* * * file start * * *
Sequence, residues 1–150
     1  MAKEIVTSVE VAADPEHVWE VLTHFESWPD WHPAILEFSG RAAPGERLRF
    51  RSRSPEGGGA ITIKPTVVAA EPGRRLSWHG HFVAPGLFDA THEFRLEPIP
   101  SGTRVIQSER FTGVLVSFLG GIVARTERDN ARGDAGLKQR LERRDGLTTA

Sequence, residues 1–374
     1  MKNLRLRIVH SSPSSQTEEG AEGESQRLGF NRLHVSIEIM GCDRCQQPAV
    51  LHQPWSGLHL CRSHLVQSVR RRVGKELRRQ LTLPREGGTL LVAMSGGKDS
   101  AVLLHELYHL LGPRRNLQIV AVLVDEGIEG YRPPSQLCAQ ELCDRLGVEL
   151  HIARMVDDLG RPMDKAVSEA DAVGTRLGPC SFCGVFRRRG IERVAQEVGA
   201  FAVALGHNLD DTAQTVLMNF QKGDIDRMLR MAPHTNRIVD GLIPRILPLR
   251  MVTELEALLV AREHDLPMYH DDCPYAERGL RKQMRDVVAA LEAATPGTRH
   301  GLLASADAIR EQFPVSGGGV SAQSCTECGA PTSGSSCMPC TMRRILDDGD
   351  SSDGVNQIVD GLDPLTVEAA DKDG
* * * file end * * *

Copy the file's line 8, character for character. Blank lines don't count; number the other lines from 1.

   101  AVLLHELYHL LGPRRNLQIV AVLVDEGIEG YRPPSQLCAQ ELCDRLGVEL